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Jewel of peace

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This article is part of the series on the "Message of Gurbani"

ਸੁਖਮਨੀ ਸੁਖ ਅੰਮ੍ਰਿਤ ਪ੍ਰਭ ਨਾਮੁ ॥ ਭਗਤ ਜਨਾ ਕੈ ਮਨਿ ਬਿਸ੍ਰਾਮ ॥ ਰਹਾਉ ॥
Sukẖmanī sukẖ amriṯ parabẖ nām. Bẖagaṯ janā kai man bisrām. rahā­o.
Sukhmani: peace through the nectar of the Lord's Name; the resting place for the devotee's mind. (pause)

The Sukhmani sahib is probably the greatest single composition of the fifth Sikh Guru, Guru Arjan. This Gurbani in raga Gauri Sukhmani in the Guru Granth Sahib is a lengthy composition which spans a total of 35 pages from page 262 to page 296 of the sacred Granth (holy Book) of the Sikhs. Its lyrical beauty apart, Sukhmani is a profoundly significant scriptural text for all devotees of the Sikh faith and indeed for all of humanity.

The composition is written in fairly simple Punjabi for a formal religious text and most native readers will be able to understand it to a large extent; a few passages are a little challenging but these have many valuable translations in various languages. Further the verses are divided into neat small coherent packages which are a delight for the reader. the reader is able to clearly savour the love of the writer and the love expressed by the fifth Guru.

File:Sukhmani v4 red w b-g.jpg

"Jewel of bliss," a spiritual delight

It is said that the Guru wrote it in response to request from a devotee who was suffering from physical pain and mental anguish; unsurprisingly, the devotional recital of Sukhmani restored him to good health and a calm and peaceful state of mind. The word 'Sukhmani' means the "psalm of equipoise" (balanced state) or "jewel of bliss". This holy bani (hymn) is a treasure of the rarest kind and will bring pure happiness and true bliss for whoever recites it with dedication.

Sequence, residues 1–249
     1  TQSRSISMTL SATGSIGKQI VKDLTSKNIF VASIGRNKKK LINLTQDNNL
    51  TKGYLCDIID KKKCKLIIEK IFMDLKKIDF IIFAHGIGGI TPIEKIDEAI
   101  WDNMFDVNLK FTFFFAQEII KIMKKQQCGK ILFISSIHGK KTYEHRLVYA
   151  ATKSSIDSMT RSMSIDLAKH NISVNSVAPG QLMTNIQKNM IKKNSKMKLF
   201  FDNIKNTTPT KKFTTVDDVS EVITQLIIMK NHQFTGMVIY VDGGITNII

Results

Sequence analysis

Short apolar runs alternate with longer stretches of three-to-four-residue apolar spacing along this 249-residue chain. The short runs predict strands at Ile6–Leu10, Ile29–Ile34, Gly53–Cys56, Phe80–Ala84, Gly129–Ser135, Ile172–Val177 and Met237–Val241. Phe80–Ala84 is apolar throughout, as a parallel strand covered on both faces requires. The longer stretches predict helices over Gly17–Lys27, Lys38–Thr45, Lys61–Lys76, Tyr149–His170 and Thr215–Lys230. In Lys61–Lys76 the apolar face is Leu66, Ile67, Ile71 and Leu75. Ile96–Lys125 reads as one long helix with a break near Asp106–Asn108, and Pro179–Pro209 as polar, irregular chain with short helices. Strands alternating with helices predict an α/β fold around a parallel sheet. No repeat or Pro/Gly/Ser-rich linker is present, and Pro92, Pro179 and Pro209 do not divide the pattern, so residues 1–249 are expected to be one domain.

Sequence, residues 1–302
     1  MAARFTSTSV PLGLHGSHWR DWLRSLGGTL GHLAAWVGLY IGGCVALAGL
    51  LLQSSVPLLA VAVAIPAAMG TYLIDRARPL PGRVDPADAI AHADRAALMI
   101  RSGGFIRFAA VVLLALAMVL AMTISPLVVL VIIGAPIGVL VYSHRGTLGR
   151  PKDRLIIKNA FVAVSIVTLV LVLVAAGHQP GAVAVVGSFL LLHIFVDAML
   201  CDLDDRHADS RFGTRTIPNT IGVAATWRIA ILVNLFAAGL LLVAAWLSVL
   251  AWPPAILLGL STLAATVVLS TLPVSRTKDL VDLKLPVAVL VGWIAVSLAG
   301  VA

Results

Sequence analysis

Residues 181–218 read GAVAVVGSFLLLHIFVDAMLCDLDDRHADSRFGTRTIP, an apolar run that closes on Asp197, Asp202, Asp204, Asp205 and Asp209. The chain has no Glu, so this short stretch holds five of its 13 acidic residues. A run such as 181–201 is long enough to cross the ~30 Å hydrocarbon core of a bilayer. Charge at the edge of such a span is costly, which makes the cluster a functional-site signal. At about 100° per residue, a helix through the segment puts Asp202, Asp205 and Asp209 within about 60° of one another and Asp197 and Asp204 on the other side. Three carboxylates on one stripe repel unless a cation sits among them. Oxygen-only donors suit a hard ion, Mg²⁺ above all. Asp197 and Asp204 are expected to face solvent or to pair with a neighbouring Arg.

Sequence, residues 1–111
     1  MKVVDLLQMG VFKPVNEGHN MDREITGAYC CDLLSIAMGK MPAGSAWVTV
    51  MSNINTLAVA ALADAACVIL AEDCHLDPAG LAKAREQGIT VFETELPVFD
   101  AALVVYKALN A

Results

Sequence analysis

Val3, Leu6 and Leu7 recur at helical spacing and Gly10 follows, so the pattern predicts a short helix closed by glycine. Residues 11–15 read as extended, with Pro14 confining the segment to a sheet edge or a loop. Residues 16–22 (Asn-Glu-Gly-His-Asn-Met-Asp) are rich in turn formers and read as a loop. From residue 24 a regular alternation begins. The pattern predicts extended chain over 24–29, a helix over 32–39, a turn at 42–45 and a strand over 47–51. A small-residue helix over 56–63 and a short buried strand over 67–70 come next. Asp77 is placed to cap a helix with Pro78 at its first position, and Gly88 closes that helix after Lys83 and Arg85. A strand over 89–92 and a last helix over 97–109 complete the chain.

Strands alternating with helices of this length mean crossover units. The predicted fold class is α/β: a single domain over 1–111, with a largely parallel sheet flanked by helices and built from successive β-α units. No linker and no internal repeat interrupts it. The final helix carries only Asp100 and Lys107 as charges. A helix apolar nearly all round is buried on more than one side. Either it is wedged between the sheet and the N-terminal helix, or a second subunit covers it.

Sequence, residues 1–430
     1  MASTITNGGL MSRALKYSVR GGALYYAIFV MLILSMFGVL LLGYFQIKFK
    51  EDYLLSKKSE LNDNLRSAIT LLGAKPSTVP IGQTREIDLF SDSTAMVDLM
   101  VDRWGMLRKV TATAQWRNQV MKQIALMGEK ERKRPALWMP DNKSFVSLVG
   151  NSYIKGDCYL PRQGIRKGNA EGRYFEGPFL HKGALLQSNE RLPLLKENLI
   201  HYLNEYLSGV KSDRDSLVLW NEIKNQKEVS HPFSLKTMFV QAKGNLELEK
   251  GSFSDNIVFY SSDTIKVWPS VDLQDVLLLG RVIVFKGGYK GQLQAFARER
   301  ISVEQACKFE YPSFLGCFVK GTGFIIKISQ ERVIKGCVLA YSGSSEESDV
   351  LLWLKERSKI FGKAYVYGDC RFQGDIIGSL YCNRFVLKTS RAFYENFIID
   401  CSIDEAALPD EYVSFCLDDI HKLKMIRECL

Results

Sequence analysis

This unique prayer which, not only can be read just as any other bani but can also be sung with music accompaniment has only one focus - to bring "Sukh" or peace to the person’s mind. In whatever form it is recited, it will bring everlasting peace, calmness and comfort to the mind. Its sound is tranquillising and soothing and removes stress from the mind; it opens your heart to live in gratitude, steadies your spiritual discipline, and connects you with your inner strength, endurance, courage and the infinite consciousness to overcome every obstacle.

It is a long prayer which can take a skilled Gurmukhi reader about 90 minutes to read the whole of the bani. However, many devotees read the bani in several sittings to start with and as their fluency and familiarity with the words increases, they can slowly complete the whole of the “paath” in one go. It is said by many that listening to or reciting Sukhmani Sahib once a day can change your destiny from misery to prosperity and give you inner balance, grace, radiance, energy and the power to sacrifice.